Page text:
Protesters outside Saudi consulate recount prison abuse

Families and friends of Egyptian detainees languishing in Saudi prisons launched an open-ended sit-in outside the kingdom’s embassy in Giza and its consulate in Alexandria on Monday. In Giza, dozens of family members, friends and activists are protesting on the sidewalk just across the street from the Saudi Embassy, demanding the trial or release of 31 Egyptians who are being detained incommunicado in the Gulf monarchy’s prisons.

Protesters gave horrific accounts of corporal punishment, torture, physical and psychological abuse in a number of prisons across Saudi Arabia.

The campaign, organized by the League of Families of Prisoners in Saudi Arabia, is the latest attempt to pressure Saudi and Egyptian authorities into respecting the rights of these detainees to due process, a fair trial and humane prison conditions.

The league’s origins date back to 2010, when family and friends of detainees began to network with each other. According to rights activist and campaign organizer Shereen Farid, the gathering is its 60th rally, and fourth sit-in outside the Saudi Embassy.

“Many of us are willing to escalate this sit-in protest into a hunger strike if our demands are not met,” Farid adds.  

She points to Article 144 of the Saudi Penal Code, which she says stipulates a maximum of six months imprisonment for suspects without legal charges; beyond this limit, detainees must either be charged or released.

“However, these 31 detainees have been held in prisons for periods ranging from three and a half years to 19 years — without charges or trials,” says Farid. “The most basic rights of Egyptians are violated both here and abroad. However, Saudi Arabia is at the forefront of states which systematically violate the rights of Egyptian expatriates.”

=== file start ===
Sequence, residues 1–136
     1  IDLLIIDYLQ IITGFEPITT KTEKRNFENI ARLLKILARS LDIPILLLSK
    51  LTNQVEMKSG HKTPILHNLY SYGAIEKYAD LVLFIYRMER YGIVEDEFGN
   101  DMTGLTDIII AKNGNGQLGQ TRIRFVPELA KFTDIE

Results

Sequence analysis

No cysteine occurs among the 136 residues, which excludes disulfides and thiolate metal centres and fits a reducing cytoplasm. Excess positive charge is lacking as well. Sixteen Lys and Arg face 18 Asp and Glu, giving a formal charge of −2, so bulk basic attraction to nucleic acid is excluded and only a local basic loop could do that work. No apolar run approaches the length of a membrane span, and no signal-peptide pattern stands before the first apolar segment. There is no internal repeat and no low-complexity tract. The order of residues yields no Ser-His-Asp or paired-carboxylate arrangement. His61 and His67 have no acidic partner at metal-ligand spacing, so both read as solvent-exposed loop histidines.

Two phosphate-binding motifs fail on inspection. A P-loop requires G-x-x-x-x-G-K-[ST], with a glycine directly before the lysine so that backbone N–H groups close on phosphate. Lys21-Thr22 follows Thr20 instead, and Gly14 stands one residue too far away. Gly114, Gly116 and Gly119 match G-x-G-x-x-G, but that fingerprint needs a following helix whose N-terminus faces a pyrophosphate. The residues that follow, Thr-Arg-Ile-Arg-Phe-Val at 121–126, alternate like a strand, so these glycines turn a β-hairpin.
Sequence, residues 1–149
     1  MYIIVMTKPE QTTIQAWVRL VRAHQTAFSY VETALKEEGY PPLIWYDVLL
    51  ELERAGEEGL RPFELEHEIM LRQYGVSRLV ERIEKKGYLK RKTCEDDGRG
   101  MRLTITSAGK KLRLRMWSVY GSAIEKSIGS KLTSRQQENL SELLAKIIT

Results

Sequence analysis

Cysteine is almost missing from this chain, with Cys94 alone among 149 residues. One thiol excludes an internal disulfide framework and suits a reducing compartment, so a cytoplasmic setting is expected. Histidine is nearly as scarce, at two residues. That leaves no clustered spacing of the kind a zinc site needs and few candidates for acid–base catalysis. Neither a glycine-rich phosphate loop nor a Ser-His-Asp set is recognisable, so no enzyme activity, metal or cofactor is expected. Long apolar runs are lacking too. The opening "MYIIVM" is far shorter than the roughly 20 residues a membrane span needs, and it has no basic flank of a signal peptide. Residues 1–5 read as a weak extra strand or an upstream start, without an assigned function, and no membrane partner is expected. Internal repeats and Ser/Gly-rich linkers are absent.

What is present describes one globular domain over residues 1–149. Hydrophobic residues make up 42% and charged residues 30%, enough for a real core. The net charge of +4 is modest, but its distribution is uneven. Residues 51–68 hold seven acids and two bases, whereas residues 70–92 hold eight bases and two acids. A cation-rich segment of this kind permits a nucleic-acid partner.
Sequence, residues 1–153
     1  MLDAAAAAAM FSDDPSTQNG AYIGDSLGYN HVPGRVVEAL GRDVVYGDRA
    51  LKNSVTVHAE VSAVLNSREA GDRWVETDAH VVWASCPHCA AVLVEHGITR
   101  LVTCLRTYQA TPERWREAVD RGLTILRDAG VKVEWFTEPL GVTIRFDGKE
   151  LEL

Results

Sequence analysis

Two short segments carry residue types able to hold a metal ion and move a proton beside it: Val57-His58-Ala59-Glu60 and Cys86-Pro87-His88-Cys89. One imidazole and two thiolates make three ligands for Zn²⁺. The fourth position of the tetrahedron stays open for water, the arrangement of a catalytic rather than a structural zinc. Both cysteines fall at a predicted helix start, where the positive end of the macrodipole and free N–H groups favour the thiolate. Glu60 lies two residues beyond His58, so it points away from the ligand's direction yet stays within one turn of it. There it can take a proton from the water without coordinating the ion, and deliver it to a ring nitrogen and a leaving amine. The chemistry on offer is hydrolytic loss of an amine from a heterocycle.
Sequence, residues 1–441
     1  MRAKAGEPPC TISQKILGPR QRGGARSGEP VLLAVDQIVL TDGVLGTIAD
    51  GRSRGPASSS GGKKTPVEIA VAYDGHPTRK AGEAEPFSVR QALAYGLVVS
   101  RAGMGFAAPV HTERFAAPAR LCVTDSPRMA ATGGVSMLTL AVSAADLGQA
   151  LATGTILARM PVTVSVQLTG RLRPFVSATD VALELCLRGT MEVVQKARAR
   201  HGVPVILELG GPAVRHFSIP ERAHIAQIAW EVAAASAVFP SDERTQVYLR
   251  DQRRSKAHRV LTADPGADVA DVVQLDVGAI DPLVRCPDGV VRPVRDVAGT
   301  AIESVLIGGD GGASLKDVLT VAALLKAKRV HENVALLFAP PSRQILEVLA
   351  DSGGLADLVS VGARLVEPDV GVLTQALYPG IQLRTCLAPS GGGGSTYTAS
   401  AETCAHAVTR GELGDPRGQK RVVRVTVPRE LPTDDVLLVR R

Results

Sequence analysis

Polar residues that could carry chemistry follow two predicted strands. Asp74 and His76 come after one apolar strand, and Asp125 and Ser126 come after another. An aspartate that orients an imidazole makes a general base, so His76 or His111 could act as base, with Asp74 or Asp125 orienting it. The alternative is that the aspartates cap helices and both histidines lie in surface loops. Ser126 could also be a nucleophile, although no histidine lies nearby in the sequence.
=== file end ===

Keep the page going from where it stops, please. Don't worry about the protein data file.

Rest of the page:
The campaign organizer explained that the league had resorted to protesting outside the embassy and consulate numerous times, along with the Egyptian Foreign Ministry, the Cabinet and Parliament, to resolve their grievances. However, these desperate attempts yielded no actual results.

“Our league has filed more than 20 requests and appeals to meet with President [Mohamed] Morsy or his staff in the hopes of gaining their intercession, or at least having them hear our pleas, all to no avail,” Farid says.

In a statement seen exclusively by Egypt Independent, Nagla Wafa, an Egyptian professional languishing in Malaz Prison in Riyadh since September 2009, wrote: “I am being destroyed physically and morally.”

After more than 20 months in detention without charge, in June 2011, Wafa was sentenced to five years in prison and 500 lashes She has already received 400 lashes, 50 lashes at a time.

Wafa who was caught up in a professional dispute with a Saudi princess, reiterated her innocence in her latest statement. Addressing the Morsy regime, she asked: “Does Egypt have no dignity? I am asking only for a just trial.” Addressing her Saudi captors she asked: “What is the real reason behind my imprisonment here? I demand a clear and honest explanation, not baseless charges.”

Sitting on a carpet placed over the sidewalk, Om Mohamed, a mother of one of the detainees, shouts, “Morsy values the loans from Saudi Arabia more than he values the lives of our children! He’s afraid to stand up to the Saudi ruling family, even if it is to defend the lives of his fellow citizens, innocent souls. We don’t care about money or wealth, we only want our children back. Shame on these Arab rulers!”

On the sidewalk men, women and children sit, sleep, chat, sip tea and eat. Banners and posters bearing the photos of detainees were hung along a fence behind them. Just across the street a line of soldiers in camouflage suits bearing machine guns stand guard over the embassy, while another line of black-clad riot-police, bearing shields and clubs, are deployed in front of them.

Uniformed police officers, together with plain-clothed policemen holding walkie-talkies, step onto the sidewalk in an attempt to persuade the protesters to pack-up and leave. The police officer explains, “We won’t be here at night time, so we can’t guarantee your protection from trouble makers.”